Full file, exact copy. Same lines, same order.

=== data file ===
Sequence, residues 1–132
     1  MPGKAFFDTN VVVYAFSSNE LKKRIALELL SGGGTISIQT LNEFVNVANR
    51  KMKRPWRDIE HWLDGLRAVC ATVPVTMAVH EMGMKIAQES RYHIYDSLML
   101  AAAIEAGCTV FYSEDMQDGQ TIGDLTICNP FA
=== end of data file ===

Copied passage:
Sequence, residues 1–132
     1  MPGKAFFDTN VVVYAFSSNE LKKRIALELL SGGGTISIQT LNEFVNVANR
    51  KMKRPWRDIE HWLDGLRAVC ATVPVTMAVH EMGMKIAQES RYHIYDSLML
   101  AAAIEAGCTV FYSEDMQDGQ TIGDLTICNP FA